OMAR AMANAT, CEO, Tradescape: Many of the traders who have made it through a learning curve past three months to six months are in fact... over 50 percent of them have been profitable. And... but again, that data has not been released, and we will...we are looking forward to releasing some of that into data.
PAUL SOLMAN: Now, even if these numbers are true, it still means that almost half of all day traders are losers. So who and where are they? Well, we figured maybe there would be amateur day traders who outnumber the pros by something like 50 to one. But Carlos Rubino was making money. And so was the one at-home day trader we profiled back in February, Lynn Harvey.
LYNN HARVEY: I made more in January than I made all year last year.
PAUL SOLMAN: Why do I keep meeting the winners?
ANDREW LO: Well, I suspect that the winners are the ones that are most vocal, the most visible, and are obviously the ones that have a great deal of enthusiasm for the activity. The ones that are losers are probably not likely to make a big deal of it.
PAUL SOLMAN: This is a recurring theme in finance, says Andrew Lo: Survivor bias.
ANDREW LO: This is much like the bias that we see when we ask people whether or not they voted for Richard Nixon in the second election, the landslide victory, where nobody seems to have voted for him after the fact.
PAUL SOLMAN: People don't want to admit voting for Nixon, says Lo, and...
ANDREW LO: They don't want to the admit that they've lost a great deal of money. It's a personal embarrassment. It's a sign of, I guess, weakness, or defeat.
PAUL SOLMAN: So the point is, no day trader who is losing money is about to let us in with a camera.
ANDREW LO: That's right.
PAUL SOLMAN: In fact, day trading losses can be devastating. When day trader Mark Barton lost half a million dollars in Atlanta earlier this year, he allegedly snapped and went on a killing spree. So there are losers, big ones. But Tradescape CEO points outs that unfortunately, tragedies can happen in any risky business.
OMAR AMANAT: This is also a career that by its very definition has its ups and downs. So certainly that is... that can be stressful for many individuals who are either too emotional or not as stressful for people who aren't as emotional.
PAUL SOLMAN: Our last stop was the apartment of Alexander Elder, a Russian émigré psychiatrist-- he jumped ship in 1974-- who went on to become an investor, and has written the day trader's bible, "Trading for a Living." He too thinks camera crews like ours don't see the whole picture.
DR. ALEXANDER ELDER, Psychiatrist: This is... the question of profits or losses are tremendously sensitive, personal questions. I mean, till you see accounts, you cannot believe a word that you are saying-- that you are hearing.
PAUL SOLMAN: Dr. Elder's business these days is analyzing investors, and he says most of them are losers, and he knows why.
DR. ALEXANDER ELDER: What happens to most people is that when they start making money, they get so wonderfully happy about it, that they lose all sense of caution, and they start taking stupid trades. And then they lose money, and then they become scared. And then the guy who is scared is sitting in front of the screen with a trigger finger like this.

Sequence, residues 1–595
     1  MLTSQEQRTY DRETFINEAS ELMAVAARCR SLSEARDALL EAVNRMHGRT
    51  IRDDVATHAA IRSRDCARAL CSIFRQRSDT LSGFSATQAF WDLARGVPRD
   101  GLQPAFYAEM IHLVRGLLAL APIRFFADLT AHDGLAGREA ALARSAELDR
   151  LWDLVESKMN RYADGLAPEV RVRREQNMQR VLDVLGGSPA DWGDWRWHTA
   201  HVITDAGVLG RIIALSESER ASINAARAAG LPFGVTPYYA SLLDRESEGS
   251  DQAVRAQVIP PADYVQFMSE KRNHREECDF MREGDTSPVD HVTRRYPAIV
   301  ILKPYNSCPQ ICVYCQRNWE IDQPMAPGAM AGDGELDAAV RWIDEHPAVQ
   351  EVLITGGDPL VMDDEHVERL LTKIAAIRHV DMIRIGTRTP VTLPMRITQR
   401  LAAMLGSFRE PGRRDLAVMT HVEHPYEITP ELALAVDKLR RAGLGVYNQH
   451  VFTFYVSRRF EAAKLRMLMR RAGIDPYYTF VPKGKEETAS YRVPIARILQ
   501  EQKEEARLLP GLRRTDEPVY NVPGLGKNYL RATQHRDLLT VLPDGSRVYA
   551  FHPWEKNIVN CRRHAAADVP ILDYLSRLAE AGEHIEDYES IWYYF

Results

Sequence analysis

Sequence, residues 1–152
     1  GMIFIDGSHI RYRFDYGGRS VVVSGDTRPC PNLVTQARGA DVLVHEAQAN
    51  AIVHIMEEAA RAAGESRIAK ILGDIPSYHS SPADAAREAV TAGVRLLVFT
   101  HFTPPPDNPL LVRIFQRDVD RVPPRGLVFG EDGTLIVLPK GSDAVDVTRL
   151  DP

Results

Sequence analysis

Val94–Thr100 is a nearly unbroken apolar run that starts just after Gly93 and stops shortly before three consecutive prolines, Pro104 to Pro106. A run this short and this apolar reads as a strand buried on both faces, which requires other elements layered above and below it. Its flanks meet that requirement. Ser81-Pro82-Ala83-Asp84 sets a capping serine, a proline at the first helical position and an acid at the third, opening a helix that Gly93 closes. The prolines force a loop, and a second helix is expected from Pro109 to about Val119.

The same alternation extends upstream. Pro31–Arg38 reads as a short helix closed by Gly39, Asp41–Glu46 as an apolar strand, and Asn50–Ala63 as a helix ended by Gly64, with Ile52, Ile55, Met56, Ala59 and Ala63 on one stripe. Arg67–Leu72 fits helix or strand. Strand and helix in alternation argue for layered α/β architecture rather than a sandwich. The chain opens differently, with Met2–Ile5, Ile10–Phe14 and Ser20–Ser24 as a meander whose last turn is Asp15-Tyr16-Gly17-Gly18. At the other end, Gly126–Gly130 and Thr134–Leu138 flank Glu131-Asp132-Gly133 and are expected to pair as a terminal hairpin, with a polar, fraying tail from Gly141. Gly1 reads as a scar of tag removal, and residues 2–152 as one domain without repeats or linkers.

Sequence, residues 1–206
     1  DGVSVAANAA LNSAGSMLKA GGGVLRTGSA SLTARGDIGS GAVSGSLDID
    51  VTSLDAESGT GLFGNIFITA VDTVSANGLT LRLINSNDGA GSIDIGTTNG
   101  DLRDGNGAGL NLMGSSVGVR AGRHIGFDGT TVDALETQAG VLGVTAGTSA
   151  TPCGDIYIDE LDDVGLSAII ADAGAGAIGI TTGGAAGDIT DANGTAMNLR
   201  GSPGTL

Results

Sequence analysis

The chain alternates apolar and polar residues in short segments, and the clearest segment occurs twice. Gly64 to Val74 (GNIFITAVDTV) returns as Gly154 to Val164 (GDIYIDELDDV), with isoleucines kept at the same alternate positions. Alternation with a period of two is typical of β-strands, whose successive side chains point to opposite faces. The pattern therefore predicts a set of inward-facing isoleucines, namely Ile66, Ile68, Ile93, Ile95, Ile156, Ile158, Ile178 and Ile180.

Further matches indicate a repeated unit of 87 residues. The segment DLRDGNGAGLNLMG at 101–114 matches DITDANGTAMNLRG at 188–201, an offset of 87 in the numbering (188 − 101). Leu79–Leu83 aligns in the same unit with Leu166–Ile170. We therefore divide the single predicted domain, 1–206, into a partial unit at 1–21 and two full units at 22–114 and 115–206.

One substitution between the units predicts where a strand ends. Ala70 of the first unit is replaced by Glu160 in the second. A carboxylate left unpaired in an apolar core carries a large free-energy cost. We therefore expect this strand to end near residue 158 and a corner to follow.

PAUL SOLMAN: Now Elder doesn't think losing is inevitable-- far from it. In fact, he says, if you understand how most investors can behave, you can win by betting against them. You study lots of charts that depict crowd behavior doing technical analysis, instead of focusing on a firm's fundamentals. Understanding the crowd's psychology leads to the hardest job of all, he thinks: Understanding your own.
DR. ALEXANDER ELDER: It's all about discipline. It's all about increasing your percentage of winners. It's all about keeping your losses small.
PAUL SOLMAN: Disciplined enough to take your winnings and get out, or cut your losses and get out.
DR. ALEXANDER ELDER: Right. Not get too greedy. You have to cut short your own good streaks, and you have to accept your own losses.
|Psychology and the market|
PAUL SOLMAN: MIT's Andrew Lo doesn't disagree. He has written a book that suggests the stock market isn't random, can be beaten, and that psychology plays a crucial role.
ANDREW LO: I think the comparison that I like to make is the difference between a professional gambler and a compulsive gambler. A professional gambler is somebody who understands all the odds, who knows how to make these calculations and tradeoffs between risk and reward, and is extremely disciplined in how they make their bets. A compulsive gambler has a need for the kind of stimulus that gambling provides. There is nothing refined about that need. It is an addiction, much like an addiction to a substance, and so the question of whether or not day traders are more like compulsive gamblers or professional gamblers can explain the difference between financial ruin and financial success.
PAUL SOLMAN: So only day trade if you can play poker really well?
ANDREW LO: Absolutely.
PAUL SOLMAN: In the end, then, it may be no wonder that the traders one sees on TV make it look easy. They're the ones who play the game best, the ones who, like Alexander Elder himself, do seem to be able to out-psyche the crowd. And when a New York taxi driver makes money at the game, you can bet he is not your usual cabbie.
PAUL SOLMAN: You seem to be about the happiest cab driver I've run into in some years.
CARLOS RUBINO: Yeah?
PAUL SOLMAN: Yeah.
CARLOS RUBINO: It's your lucky day.
PAUL SOLMAN: Yeah, well, maybe it's your lucky day. Let's see. Not surprisingly, Carlos Rubino was still way ahead of the market when we left him, another of day trading's oh-so-visible winners, which is probably why we wound up in his cab, recording, as usual, the exploits of another very unusual investor.